Divine Image and Eros

Father Kenneth Tanner wrote:

Every person is made in the image of the One who made all things and so creative energy resides at the center of every person. We are made in the image of the maker to participate in begetting: to make people, places, and things. This is the sacred work of every person. Know yourself as a daughter or son of the Creator and so “bear much fruit” as an artist made in the image of The Artist. Go forth and make disciples, make a garden, make music, make peace, forge spears into pruning hooks, forge friendships, sculpt families and communities, paint a better picture of God’s good world, imagine a future blessed by sacrificial love, make things well, make things whole, make things beautiful. The kingdom of heaven is within you.

What he is describing is an aspect of what the Fathers would call eros.

It’s unfortunate that in modern English the words eros and erotic are used exclusively to describe sex. The word has a much more profound meaning: the love that longs for union, the love that, in uniting, creates and brings things to birth.

Metropolitan Hierotheos writes:

In his homilies, St John Chrysostom speaks about eros for human things, and he often compares and contrasts it with divine eros – eros for God. Divine eros is not human in origin, but divine, which is why Chrysostom speaks of a ‘wound’ of man, from God: ‘I am wounded with longing for God…’

Divine eros is not of psychological origin, nor is it to be mixed up with physical eros. It has another origin: It is an energy of the Grace of God, it is the result of the purity of man, and of God grabbing man’s nous.

There are many ways in which the eros of man for God can be expressed. One such form is longing. Man feels unbearable longing for God and wants to unite with Him.”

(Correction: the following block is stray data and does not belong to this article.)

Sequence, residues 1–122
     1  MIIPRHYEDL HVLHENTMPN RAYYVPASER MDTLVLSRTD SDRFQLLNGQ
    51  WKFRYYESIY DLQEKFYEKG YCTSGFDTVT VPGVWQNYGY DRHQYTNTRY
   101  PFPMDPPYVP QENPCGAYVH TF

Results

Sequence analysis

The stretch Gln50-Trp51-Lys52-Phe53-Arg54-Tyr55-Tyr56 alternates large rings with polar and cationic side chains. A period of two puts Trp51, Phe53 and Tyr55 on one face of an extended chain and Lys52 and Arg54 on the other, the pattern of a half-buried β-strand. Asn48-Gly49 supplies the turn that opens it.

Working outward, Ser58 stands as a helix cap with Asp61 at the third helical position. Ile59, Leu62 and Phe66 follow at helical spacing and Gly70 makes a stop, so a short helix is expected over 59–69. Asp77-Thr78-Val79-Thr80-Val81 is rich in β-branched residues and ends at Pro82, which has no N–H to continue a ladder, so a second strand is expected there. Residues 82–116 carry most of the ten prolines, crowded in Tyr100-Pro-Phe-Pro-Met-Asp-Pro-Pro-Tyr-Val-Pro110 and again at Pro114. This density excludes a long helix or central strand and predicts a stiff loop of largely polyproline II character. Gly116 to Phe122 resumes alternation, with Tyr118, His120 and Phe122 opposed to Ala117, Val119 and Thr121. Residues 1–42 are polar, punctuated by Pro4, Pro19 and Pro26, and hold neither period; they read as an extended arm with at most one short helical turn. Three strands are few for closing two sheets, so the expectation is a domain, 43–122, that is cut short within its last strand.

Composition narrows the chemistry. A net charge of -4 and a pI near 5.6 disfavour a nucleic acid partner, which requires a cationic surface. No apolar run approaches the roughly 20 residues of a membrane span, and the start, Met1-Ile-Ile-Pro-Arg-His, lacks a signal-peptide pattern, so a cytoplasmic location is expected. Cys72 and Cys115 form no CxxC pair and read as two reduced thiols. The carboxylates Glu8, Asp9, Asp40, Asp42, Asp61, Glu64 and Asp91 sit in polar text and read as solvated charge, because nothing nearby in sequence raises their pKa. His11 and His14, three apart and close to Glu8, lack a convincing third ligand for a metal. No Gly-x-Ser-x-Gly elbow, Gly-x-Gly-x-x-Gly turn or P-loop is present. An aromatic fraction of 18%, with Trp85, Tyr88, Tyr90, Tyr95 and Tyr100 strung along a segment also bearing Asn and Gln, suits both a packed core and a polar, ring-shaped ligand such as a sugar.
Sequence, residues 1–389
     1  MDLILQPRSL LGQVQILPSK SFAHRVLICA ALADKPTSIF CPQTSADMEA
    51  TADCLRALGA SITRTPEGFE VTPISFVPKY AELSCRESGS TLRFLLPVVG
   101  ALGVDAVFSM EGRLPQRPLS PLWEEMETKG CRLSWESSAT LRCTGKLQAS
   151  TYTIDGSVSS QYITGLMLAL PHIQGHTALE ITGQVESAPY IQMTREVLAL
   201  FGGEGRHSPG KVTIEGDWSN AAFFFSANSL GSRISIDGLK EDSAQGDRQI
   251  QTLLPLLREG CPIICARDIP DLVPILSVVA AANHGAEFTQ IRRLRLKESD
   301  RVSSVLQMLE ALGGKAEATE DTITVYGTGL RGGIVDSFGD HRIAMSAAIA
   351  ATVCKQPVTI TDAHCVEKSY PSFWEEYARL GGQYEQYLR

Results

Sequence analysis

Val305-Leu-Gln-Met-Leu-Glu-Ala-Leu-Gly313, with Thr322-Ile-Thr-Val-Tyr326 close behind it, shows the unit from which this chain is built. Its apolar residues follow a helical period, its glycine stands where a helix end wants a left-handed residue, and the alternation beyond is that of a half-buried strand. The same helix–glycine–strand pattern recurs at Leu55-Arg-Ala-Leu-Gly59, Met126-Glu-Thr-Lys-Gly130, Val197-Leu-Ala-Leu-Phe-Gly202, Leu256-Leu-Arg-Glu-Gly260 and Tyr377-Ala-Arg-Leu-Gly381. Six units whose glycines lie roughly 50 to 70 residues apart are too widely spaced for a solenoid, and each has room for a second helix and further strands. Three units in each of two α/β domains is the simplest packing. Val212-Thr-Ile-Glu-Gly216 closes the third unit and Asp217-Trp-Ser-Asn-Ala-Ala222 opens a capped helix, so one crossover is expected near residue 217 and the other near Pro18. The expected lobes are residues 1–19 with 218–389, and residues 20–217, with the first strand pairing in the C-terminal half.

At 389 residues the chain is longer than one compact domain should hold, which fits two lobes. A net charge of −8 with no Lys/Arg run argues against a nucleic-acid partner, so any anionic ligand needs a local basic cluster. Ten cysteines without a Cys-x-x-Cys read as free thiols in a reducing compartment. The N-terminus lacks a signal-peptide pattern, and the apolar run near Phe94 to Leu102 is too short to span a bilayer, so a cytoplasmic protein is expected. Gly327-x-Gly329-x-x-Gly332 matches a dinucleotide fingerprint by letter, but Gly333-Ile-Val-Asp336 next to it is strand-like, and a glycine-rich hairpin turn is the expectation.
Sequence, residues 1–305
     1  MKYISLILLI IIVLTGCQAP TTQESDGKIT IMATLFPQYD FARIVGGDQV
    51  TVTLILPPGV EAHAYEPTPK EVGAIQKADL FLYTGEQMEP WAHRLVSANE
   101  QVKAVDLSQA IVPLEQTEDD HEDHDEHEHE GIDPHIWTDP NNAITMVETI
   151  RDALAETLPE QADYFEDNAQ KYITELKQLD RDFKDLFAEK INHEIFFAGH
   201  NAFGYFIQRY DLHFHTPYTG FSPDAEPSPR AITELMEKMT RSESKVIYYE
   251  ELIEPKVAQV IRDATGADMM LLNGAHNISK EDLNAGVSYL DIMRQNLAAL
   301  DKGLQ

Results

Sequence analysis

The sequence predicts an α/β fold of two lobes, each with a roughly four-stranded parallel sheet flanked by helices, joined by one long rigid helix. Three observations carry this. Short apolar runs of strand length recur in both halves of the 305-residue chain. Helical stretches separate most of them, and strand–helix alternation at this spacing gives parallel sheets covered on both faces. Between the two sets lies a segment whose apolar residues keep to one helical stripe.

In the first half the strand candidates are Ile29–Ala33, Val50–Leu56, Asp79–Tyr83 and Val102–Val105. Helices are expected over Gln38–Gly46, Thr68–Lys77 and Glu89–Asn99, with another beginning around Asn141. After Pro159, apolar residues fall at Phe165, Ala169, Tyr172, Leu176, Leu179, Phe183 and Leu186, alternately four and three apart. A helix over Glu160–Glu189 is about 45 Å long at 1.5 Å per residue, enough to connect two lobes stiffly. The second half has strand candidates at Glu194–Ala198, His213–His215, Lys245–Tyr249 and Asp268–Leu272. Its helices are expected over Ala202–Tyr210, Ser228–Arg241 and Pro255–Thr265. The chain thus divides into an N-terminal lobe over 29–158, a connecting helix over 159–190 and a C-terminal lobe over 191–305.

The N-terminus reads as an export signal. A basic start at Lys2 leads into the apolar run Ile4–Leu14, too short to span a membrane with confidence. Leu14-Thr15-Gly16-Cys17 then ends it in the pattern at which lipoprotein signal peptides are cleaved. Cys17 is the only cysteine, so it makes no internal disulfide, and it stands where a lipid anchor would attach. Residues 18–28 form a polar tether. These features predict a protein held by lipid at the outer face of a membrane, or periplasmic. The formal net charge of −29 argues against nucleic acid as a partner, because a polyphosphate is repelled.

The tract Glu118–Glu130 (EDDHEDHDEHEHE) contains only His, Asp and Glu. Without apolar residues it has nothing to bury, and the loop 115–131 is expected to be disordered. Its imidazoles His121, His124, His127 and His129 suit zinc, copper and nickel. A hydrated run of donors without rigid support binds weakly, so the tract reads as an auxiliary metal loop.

— More at Divine Eros According to Saint John Chrysostom

We are familiar with the healthy, blessed divine-human eros that draws a man and woman to unite and to bring forth new life: union and creation go together.

And we have at least read about the longing of the soul for God: “My soul languishes for Your salvation; I wait for Your word… I stretch out my hands to You; My soul longs for You, as a parched land… O God, You are my God; I shall seek You earnestly; My soul thirsts for You, my flesh yearns for You, In a dry and weary land where there is no water” (Ps 119:81; 143:6; 63:1).

The artist or poet or musician knows this longing, too: The soul’s need to create. It is an energy of God that drives the artist. The soul who is compelled to make peace, to unite those who are divided, or to bring the mercy of God to the hungry or wounded – this person is experiencing, by grace, the divine energy of eros which seeks to unite mankind to God, and to manifest the Kingdom of God here and now.